European History: Battle of Tours

About the battle of Tours in 732 between the Arab army and the French army led by Charles.

TOURS, 732

In 732 a large Arab Army crossed the Pyrenees and invaded France. Commanded by the Yemenite Abd-ar-Rahman, it defeated a rebellious Moslem kingdom ruled by the Berber Othman.

Abd-ar-Rahman then pushed north, routing the forces of Eudo, Duke of Aquitaine, an ally of Othman. The vanquished Eudo was forced to seek aid from his bitter enemy, Charles Martel. Charles cooperated because the Arabs were penetrating further north, leaving plundered towns and monasteries behind them.

The Arabs advanced toward the heart of France, lured by the wealthy monasteries of St. Hilaire and St. Martin. After gutting St. Hilaire, they rode up the Roman road toward Tours. Somewhere south of the town they met Charles and his Frankish Army.

For 7 days the 2 armies sat facing each other. The Franks were waiting for additional levies, and the Arabs were trying to move their spoils to safety. Then the Arabs attacked.

With a bolstered force that totaled 30,000 men, Charles arrayed his men to receive the Arab charge. The Franks, mainly infantrymen, were heavily armored with swords, axes, javelins, and a small throwing ax called the fran-cisca. The Arab Army totaled nearly 80,000 and was composed entirely of light cavalry. Extremely fast and mobile, the cavalry relied on the lance and sword. Because the Arabs were an offensive unit they were forced to attack the Franks or retreat south without their loot. The conquerors of Spain refused to flee before a smaller untried army, so they charged the Frankish lines.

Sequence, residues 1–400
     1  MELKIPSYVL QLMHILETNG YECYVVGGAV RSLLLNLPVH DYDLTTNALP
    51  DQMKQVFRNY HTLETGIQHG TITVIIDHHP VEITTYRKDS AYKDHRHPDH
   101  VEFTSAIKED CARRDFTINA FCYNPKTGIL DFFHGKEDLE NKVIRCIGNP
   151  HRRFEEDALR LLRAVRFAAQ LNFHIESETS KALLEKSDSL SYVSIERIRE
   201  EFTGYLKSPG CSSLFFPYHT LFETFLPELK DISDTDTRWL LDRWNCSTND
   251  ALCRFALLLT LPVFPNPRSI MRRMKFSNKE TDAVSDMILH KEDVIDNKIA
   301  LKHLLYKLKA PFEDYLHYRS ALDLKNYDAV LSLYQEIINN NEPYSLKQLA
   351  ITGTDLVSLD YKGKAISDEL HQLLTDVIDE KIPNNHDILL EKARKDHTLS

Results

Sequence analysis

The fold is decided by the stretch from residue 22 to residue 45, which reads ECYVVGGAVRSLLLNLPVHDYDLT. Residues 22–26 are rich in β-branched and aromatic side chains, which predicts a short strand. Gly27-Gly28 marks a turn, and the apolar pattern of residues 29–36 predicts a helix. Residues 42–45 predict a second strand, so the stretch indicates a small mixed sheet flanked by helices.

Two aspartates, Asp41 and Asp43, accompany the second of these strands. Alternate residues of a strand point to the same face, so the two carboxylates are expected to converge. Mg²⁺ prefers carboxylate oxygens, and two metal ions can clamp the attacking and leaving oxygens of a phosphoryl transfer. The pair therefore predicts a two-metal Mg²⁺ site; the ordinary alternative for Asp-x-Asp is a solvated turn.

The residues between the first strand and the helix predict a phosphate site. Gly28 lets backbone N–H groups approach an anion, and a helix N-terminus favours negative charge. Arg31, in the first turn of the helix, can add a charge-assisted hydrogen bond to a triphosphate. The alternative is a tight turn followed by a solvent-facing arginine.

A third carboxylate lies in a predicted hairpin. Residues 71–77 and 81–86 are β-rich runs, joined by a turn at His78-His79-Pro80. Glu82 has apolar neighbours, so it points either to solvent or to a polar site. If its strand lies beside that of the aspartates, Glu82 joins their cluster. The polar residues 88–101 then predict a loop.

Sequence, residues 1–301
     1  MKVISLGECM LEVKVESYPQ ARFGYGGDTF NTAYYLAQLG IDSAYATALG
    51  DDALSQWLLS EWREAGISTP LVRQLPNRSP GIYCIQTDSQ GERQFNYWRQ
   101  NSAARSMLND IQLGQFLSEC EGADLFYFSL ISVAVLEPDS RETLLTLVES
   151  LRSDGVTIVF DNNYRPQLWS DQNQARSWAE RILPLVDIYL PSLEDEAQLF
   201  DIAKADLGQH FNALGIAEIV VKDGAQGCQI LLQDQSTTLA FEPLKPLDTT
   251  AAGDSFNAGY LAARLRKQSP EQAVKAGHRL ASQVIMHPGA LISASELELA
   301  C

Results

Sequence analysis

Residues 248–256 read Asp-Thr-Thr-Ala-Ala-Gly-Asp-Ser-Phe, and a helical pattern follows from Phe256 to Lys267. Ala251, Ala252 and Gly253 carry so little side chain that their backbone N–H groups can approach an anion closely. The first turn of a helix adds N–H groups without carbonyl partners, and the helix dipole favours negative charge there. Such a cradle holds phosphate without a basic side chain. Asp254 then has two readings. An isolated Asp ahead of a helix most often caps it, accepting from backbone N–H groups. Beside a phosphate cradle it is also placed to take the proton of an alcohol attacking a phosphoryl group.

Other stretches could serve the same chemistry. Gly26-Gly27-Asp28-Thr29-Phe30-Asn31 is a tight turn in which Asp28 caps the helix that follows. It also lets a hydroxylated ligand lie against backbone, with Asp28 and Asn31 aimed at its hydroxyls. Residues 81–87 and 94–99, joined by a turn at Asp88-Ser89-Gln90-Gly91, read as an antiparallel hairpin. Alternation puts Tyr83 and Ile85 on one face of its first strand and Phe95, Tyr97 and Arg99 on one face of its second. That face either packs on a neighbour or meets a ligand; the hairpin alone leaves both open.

The Franks unflinchingly received the Moslem charge, fending it off. The Arabs attacked repeatedly, searching for a weakness in the Franks' line. But the Frankish Army was like a wall against which the Arabs quickly pounded themselves to pieces.

As Arab stamina faded, the Franks counterattacked. The Arab flank was turned by an avengeful Eudo and his men from Aquitaine. Abd-ar-Rahman was killed while trying to rally his broken army. Next morning the Franks discovered the Moslem camp deserted except for abandoned plunder and the Arab dead.

Charles earned his name "The Hammer," and France never again was invaded by a Moslem Army. Although the Arabs were only raiding, a Frankish defeat at Tours would have led to greater incursions. As it happened, Abdar-Rahman's death brought on a revolt by the Berbers which destroyed Arab unity.

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